You’ve made some adventurous trips, which have stood out the most for you?

Charlotte and I have enjoyed dozens of trips round Europe and in America, all highly memorable but here are a few that really stand out. I hope people look at these and think “I should try that too”. Flying abroad can seem more difficult in the planning than it actually is on the day.

1. Malta. Flying a turbo Cessna 182 to Malta with the highly experienced Chris Puddy in 2009. The scenery was eye-opening as we crossed the Alps VFR at 15,500ft with oxygen masks on. We stopped at Les Eplatures, Bergamo and then Ajaccio (where this photo was taken) before the long over-water crossing to Malta.

2. Majorca. Three of us flew a Cessna 172 SP down to Majorca for a week with friends in Pollensa. We stopped in Alderney, La Rochelle and Carcassonne before crossing the east end of the Pyrenees and heading south to land at Son Bonet. It was a great relief when the island eventually appeared out of the gloom. Coming back, after a high-speed descent into Rennes, ATC gave us a 140kt speed limit on departure!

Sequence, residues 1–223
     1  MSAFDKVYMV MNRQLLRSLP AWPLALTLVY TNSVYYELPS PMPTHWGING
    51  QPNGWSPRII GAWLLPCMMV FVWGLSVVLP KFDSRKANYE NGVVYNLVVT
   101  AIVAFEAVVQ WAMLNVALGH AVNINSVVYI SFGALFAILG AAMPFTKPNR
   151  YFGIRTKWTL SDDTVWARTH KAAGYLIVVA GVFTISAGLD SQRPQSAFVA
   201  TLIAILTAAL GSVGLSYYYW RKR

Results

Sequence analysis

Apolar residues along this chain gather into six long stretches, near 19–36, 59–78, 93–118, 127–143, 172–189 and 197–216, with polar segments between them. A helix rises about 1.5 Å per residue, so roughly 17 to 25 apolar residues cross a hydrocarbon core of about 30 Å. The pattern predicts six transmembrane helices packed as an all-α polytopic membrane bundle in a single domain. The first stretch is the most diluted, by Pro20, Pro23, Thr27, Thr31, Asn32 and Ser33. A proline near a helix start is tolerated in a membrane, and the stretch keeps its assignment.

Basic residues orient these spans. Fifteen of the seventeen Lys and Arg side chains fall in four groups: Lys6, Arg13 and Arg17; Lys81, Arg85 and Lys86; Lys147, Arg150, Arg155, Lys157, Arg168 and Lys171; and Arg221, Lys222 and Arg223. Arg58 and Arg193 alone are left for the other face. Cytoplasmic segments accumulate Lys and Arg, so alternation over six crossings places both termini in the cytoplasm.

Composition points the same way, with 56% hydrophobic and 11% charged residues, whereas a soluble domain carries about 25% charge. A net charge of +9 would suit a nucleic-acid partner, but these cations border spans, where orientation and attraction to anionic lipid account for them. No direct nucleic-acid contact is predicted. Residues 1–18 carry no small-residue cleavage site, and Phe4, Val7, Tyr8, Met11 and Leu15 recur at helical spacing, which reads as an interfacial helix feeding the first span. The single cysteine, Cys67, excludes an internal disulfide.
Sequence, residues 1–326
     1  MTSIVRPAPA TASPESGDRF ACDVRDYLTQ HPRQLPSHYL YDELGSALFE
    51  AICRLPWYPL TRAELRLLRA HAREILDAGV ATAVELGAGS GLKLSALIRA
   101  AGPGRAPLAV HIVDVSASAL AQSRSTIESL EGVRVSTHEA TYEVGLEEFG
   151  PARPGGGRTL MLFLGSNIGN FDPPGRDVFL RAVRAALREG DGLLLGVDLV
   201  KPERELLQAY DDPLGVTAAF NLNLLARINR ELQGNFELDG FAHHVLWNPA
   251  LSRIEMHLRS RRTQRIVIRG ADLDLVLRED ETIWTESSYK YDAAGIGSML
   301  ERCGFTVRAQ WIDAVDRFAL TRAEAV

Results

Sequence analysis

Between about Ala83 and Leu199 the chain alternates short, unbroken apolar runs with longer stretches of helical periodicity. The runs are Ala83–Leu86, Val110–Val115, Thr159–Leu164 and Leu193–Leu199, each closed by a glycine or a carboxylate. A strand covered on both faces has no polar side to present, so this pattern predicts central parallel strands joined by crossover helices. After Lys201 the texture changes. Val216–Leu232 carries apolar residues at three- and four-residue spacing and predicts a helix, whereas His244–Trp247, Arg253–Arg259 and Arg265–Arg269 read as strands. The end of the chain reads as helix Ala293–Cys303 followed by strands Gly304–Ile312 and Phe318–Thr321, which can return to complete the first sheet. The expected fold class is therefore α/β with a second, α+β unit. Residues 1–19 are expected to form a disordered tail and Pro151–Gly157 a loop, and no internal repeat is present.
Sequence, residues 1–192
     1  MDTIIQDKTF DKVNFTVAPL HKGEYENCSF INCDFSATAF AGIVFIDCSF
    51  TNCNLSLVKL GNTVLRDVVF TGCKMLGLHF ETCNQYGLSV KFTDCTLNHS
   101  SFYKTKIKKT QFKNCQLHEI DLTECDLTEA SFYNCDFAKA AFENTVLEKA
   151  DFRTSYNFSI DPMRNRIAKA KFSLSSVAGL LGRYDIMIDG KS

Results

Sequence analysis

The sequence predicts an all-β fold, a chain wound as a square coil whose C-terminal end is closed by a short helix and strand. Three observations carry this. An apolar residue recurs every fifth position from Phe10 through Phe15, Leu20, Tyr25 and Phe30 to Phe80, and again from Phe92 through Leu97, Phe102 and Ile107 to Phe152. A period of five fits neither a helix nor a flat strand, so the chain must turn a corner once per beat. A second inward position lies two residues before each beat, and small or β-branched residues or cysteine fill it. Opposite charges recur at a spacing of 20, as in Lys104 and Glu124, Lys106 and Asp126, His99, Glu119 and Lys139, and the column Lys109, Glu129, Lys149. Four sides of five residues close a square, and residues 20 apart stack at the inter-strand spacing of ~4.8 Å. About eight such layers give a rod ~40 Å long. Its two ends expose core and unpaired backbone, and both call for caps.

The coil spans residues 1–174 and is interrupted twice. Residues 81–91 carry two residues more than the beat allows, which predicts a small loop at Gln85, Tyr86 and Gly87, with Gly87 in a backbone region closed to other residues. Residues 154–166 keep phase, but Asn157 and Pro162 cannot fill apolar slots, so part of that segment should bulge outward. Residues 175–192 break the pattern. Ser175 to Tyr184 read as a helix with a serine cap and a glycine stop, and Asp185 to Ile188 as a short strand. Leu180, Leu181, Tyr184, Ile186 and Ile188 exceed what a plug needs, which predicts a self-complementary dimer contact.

3. Antwerp. The highlight of this flight was Vulcan XH558 going underneath us in the opposite direction north of Bournemouth. Sadly not a photo any new pilots are going to be able to get.

4. Florida. Charlotte and I have done several great flying holidays around Florida based out of Pilots Paradise. It’s really friendly to GA, the weather is generally good November / December, and the airspace and procedures are straightforward. Highlights would be flying a PA28 low-level along the Miami shoreline and getting a clearance from NASA Tower for a low approach over the Kennedy Space Centre shuttle landing facility in a Cessna 320.

5. GAFOR routes through the Alps. Chris Puddy and I tried some of the low-level GAFOR routes through the Alps recently in a Turbo Arrow and the scenery is stunning. It does feel odd with the mountains towering either side of you as you wind your way along the valleys. You realise how small you are and how big the mountains are.